Yesterday I was explaining Singapore's clever approach to fiscal stimulus to Russ Roberts at lunch. During the explanation, I realized that I should probably back up and explain how tax cuts works in markets with price controls. But since I was feeling a bit sick, I didn't have the energy.
Hopefully Russ will consider this a make-up assignment. Here goes:
With flexible prices, of course, we have the standard result that de jure responsibility for a tax has nothing to do with de facto incidence. Inelastic factors reap the benefits of tax cuts; elastic factors don't.
But what if a market has a persistent surplus due to a price floor? Then de jure responsibility matters a lot. If you cut the tax paid by suppliers, the surplus actually gets bigger. Getting the legal minimum with low taxes is even better than getting the legal minimum with high taxes.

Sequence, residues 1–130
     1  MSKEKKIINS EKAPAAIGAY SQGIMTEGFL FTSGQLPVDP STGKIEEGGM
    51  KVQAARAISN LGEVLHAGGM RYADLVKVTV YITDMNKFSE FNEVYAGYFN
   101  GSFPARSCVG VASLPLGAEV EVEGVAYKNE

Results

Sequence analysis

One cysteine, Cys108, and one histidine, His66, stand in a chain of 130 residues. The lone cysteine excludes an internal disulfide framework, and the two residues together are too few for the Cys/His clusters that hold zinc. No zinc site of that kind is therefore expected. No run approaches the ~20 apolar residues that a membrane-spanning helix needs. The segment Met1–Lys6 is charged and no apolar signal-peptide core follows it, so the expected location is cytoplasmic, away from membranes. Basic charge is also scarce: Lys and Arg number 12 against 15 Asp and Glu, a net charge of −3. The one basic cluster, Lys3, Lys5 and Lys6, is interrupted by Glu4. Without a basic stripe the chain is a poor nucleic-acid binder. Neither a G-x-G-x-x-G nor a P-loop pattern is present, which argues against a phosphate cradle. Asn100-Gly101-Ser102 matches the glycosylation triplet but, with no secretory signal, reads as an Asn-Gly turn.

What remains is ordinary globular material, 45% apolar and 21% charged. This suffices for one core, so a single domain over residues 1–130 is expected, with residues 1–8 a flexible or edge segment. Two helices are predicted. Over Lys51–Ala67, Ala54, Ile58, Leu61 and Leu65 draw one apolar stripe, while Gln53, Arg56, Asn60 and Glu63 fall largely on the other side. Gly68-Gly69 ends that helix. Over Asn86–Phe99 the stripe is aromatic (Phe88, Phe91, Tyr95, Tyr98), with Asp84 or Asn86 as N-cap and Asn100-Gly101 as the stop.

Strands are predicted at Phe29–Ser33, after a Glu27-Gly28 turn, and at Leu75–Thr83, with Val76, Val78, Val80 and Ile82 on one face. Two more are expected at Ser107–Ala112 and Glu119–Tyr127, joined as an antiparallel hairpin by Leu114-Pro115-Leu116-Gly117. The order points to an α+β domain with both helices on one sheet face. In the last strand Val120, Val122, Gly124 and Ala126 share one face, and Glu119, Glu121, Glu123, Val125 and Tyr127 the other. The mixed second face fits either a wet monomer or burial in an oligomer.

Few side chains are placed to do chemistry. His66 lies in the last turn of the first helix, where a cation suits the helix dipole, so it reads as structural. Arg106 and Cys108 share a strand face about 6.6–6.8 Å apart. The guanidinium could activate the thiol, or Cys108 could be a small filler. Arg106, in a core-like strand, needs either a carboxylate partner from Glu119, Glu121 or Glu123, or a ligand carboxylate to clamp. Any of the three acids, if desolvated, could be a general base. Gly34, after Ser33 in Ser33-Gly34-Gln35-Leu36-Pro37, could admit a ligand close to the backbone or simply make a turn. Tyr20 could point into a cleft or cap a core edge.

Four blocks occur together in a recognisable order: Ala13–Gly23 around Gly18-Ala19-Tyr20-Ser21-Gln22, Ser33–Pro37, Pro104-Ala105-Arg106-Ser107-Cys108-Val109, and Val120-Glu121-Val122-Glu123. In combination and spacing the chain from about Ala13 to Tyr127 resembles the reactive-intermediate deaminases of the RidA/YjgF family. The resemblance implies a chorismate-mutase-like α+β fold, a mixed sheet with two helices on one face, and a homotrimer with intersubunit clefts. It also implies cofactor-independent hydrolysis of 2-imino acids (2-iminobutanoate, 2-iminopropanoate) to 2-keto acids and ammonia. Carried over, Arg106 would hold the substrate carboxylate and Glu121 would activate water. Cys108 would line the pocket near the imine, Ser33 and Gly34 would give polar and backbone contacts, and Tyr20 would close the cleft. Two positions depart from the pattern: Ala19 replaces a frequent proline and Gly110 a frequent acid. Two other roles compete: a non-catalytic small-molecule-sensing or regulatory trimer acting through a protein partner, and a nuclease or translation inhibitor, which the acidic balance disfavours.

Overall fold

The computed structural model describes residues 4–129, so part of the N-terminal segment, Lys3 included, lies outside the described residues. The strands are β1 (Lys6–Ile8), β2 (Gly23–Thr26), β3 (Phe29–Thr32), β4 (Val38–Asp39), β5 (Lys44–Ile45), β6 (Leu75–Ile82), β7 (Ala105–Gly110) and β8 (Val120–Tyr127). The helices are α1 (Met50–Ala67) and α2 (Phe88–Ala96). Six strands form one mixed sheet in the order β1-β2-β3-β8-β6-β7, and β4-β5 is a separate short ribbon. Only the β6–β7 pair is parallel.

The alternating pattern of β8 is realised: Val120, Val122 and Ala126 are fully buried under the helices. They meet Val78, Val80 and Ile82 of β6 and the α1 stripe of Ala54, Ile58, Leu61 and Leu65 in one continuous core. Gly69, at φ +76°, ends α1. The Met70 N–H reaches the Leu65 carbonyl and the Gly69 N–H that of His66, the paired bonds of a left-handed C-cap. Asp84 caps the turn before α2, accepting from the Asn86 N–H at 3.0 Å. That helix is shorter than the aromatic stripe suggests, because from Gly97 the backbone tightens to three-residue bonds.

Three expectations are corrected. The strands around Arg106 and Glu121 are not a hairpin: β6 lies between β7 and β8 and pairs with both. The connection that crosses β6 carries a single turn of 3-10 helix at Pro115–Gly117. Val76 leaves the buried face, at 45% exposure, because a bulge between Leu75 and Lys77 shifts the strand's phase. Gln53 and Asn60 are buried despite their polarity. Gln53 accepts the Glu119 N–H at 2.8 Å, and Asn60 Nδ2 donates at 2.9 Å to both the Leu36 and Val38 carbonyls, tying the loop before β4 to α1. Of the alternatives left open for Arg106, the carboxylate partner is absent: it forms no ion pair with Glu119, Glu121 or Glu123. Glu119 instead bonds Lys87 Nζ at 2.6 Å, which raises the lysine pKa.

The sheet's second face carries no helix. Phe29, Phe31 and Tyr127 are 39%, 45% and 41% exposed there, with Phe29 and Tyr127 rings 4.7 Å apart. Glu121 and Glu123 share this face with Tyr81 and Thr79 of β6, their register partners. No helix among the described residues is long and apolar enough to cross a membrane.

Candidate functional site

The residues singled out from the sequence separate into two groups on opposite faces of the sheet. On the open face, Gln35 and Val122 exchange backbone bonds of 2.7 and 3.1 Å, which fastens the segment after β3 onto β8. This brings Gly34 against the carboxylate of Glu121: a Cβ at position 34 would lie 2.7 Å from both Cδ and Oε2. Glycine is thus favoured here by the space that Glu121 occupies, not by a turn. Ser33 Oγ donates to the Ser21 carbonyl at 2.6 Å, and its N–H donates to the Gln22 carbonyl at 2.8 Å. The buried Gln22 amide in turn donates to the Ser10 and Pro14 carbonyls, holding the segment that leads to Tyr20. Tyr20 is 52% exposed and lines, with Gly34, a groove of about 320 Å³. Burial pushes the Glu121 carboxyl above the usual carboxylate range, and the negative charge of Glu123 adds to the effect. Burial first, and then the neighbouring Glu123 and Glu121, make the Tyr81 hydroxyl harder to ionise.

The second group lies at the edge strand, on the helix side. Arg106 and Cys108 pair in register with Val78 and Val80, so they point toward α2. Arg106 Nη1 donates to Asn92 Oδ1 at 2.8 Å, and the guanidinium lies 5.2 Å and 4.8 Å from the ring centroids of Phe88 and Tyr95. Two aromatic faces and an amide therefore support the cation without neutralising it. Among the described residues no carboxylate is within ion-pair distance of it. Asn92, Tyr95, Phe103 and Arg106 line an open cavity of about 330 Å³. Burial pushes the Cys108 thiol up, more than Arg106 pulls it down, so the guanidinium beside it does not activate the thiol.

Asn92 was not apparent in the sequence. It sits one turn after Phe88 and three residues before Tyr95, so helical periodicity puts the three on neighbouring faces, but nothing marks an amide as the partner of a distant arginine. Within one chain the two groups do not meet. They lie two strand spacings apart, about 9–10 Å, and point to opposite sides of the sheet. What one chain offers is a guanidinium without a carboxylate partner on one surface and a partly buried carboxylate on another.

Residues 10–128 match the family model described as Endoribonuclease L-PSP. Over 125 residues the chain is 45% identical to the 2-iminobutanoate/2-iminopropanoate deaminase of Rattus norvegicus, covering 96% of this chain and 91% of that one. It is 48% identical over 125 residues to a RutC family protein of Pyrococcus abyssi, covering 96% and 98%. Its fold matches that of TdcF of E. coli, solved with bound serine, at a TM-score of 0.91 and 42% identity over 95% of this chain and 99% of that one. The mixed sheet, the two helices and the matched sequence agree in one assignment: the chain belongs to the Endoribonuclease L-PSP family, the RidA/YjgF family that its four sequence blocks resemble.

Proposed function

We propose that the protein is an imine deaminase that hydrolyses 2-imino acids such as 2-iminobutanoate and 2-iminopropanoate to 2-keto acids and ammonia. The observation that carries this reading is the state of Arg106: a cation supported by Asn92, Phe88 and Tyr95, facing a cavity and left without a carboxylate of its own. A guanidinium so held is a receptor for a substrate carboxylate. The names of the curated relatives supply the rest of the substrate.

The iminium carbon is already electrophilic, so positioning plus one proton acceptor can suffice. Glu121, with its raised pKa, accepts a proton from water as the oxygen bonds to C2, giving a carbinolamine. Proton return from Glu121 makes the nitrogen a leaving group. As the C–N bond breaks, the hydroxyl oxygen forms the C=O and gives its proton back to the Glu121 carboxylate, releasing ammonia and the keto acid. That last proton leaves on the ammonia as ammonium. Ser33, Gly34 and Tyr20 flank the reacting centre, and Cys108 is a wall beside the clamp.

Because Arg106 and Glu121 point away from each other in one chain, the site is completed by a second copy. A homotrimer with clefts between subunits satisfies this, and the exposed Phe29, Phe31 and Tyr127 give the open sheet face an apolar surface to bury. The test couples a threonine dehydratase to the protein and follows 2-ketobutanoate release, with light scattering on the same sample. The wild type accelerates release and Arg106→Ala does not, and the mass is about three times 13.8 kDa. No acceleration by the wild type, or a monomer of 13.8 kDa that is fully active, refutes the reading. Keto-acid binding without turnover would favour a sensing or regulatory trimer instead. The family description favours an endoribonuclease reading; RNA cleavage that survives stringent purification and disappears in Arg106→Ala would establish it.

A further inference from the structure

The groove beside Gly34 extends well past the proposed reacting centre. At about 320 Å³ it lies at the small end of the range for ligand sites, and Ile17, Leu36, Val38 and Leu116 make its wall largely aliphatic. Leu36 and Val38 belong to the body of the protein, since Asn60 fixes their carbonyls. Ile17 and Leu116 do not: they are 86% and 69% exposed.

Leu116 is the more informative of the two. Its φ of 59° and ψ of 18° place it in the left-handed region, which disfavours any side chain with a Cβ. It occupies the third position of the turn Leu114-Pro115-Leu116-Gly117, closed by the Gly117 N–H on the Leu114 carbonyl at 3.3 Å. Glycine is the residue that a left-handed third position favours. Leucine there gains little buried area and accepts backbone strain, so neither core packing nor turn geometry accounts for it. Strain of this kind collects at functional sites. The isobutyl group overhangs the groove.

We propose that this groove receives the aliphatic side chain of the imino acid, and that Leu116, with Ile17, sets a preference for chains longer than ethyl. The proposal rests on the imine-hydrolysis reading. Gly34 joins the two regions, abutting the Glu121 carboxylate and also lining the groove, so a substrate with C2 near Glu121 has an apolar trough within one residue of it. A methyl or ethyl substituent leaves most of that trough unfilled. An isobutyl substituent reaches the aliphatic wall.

In contrast, if you cut the tax paid by demanders, the surplus gets smaller. Paying the legal minimum plus low taxes is less onerous than paying the legal minimum plus higher taxes. If you cut the tax enough, you might be able to eliminate the surplus entirely.
You could object: "What does this have to do with unemployment in Singapore? They don't have an economy-wide wage floor, do they?" Of course not. But unless Singaporeans are psychologically very different from almost everyone else on earth, they resent nominal wage cuts. And the analysis above does not fundamentally change if the "price control" stems from psychology rather than an act of government. If workers are unemployed due to excessive wages, and if for some reason wages do not fall, you can get around the problem by cutting the taxes paid by employers. Which is precisely what Singapore does.